“Every time we got on a train in the evening, no matter how cramped and uncomfortable we were, I prayed that the journey would last all night and that we wouldn’t have to get off and find somewhere else to sleep. It never did.”
This October up to 7,000 refugees a day were making the treacherous journey from Turkey to Greece by boat and it is estimated that more than 750,000 refugees have now arrived in Europe by sea.
Bombarded with facts and figures about the refugee crisis we rarely get a glimpse of the daily struggles of the thousands of families making the journey on foot through Europe, an issue which 22-year old Maudie Fraser decided to address.
She travelled to Greece and accompanied two refugee families from the Grecian coast to Düsseldorf, in the West of Germany, where they hoped to claim asylum. Over seven days she journeyed more than 1,500 miles through Greece, Macedonia, Serbia, Croatia, Hungary and Austria before reaching Germany and experiencing first-hand the tough conditions endured by refugees arriving at Europe’s borders.
As part of a series for the IPF documenting the challenges and experiences faced by a refugee travelling through Europe Maudie has agreed to share what she experienced with the refugee family.
Can you tell us about yourself and how you ended up travelling with a refugee family?
I graduated in June from the University of Cambridge and in mid-September I met an artist, Arabella Dorman, who told me that she was going to Lesvos — the main arrival island for refugees crossing from Turkey by sea — so I accompanied her as an artist’s assistant. It was Arabella who first suggested that I follow a refugee family along their route through Europe.
I was immediately excited by the idea, but also slightly hesitant fearing the lack of communication, being isolated and standing out. But the more I thought it through practically the more I considered the potential impact of such a journey in terms of raising awareness and changing perceptions. Although I was initially slightly nervous, I was hugely underestimating how actively welcoming the refugees would be.
How did you meet a family to travel with and how did you communicate?
Finding a family to accompany was one of the hardest parts of the trip. I travelled to Athens alone where I met a group of Iranian boys hoping to reach Denmark, who bought me tea, and I ended up travelling with their family for the first part of the journey.
After parting ways with the Iranian family the second family I travelled with was from Afghanistan and made up of 13 people. I met them when I ended up squashed next to them on the train across Hungary and found out that the father had been held by the Taliban for two years.
“It was a horrifying moment when I learned that this kind-hearted and dignified man had been through such trauma, as travelling with them they were just a normal, loving family hoping to get to Munich to begin a better life.”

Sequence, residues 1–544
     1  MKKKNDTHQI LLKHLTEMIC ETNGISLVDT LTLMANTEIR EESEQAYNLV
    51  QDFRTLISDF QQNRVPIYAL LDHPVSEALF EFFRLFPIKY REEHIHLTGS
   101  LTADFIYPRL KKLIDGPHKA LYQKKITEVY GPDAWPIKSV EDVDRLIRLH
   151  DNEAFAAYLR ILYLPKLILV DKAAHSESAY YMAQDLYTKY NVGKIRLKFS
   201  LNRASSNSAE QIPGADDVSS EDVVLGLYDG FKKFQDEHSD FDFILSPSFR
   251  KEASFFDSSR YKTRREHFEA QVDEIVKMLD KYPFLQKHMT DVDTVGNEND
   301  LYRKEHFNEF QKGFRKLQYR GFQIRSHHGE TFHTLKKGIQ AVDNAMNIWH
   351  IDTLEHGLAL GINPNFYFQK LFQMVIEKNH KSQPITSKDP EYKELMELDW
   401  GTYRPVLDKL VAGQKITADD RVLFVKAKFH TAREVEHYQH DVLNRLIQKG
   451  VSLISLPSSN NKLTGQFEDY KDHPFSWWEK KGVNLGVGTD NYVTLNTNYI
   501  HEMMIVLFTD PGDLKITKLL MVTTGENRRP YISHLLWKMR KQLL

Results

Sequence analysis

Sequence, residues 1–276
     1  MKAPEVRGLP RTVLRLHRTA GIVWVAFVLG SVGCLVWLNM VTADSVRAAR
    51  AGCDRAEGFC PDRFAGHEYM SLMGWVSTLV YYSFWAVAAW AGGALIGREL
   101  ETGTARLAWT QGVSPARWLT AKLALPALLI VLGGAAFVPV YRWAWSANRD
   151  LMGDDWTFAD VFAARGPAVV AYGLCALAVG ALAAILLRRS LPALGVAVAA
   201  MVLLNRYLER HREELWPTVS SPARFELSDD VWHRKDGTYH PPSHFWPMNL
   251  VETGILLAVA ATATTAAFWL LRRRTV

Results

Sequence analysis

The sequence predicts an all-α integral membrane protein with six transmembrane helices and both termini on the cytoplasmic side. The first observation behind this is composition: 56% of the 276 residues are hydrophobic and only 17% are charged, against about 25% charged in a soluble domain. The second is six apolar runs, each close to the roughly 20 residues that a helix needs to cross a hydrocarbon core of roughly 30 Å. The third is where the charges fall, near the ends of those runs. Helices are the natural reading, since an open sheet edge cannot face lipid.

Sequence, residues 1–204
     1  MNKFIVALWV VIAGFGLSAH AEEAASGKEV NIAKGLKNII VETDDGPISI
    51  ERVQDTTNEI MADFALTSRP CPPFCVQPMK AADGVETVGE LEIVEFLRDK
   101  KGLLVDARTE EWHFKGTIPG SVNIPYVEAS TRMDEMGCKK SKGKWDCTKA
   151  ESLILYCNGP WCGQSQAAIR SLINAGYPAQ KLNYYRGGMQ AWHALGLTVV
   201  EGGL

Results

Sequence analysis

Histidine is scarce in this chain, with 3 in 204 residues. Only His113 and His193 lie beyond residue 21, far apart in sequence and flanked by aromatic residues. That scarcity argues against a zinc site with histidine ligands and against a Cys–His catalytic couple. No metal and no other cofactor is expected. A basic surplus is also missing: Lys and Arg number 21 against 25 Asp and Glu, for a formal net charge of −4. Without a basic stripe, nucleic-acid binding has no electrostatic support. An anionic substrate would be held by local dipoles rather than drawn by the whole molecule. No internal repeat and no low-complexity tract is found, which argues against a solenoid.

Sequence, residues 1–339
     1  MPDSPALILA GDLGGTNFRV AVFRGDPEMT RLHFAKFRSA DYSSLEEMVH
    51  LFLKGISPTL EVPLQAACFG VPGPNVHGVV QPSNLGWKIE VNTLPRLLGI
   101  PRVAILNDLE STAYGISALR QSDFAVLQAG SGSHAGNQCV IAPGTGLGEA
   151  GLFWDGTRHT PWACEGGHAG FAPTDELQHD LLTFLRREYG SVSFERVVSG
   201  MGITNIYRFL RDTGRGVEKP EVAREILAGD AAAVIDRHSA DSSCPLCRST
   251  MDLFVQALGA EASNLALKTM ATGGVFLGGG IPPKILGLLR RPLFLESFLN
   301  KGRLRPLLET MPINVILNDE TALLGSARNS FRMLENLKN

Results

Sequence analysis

Communication was one of the hardest aspects of the journey as I do not speak Farsi or Dari, but we found lots of alternative ways of communicating. As humans, there’s a lot of innate understanding aside from the spoken language, so we understood each other as people, even if not grasping the details of meaning.
What were the hardest parts of the journey?
The hardest part is the sea crossing from Turkey to Greece, which I didn’t experience, but it’s also the mental and emotional strain of the journey that’s difficult. Waiting for hours and hours, being corralled like animals, with no information or idea as to where we were, what we were waiting for, how long we would have to wait, where we were going, why the family behind us was called in first. I was with two Persian-speaking families and in most places we really struggled to find out what was going on.
The border crossings, which all need to be done on foot, are generally astonishingly unsafe – one including wading through a flood that came midway up my thighs – especially for people carrying babies and small children, for elderly people, pregnant women, or children. I crossed most borders at night, so when wading through this river I was able to provide a small amount of light from a head torch I had brought, but no one else had any visibility. We were in these same clothes and shoes for over two days after this.
How did the refugees react to you travelling with them?
I always tried to be totally honest with the refugees I met. I told them that I was English and not a refugee and that I wanted to help by making people in England understand the reality of what they were facing. When they knew this, people would often start thanking me, which was incredibly humbling.
People were just happy to meet me and wanted to be my friend and, most remarkably, look after me. That was one of the things I found most moving. Even before people spoke to me, the sight of a young woman travelling unaccompanied is reason enough, in these people’s home cultures, to approach and offer protection.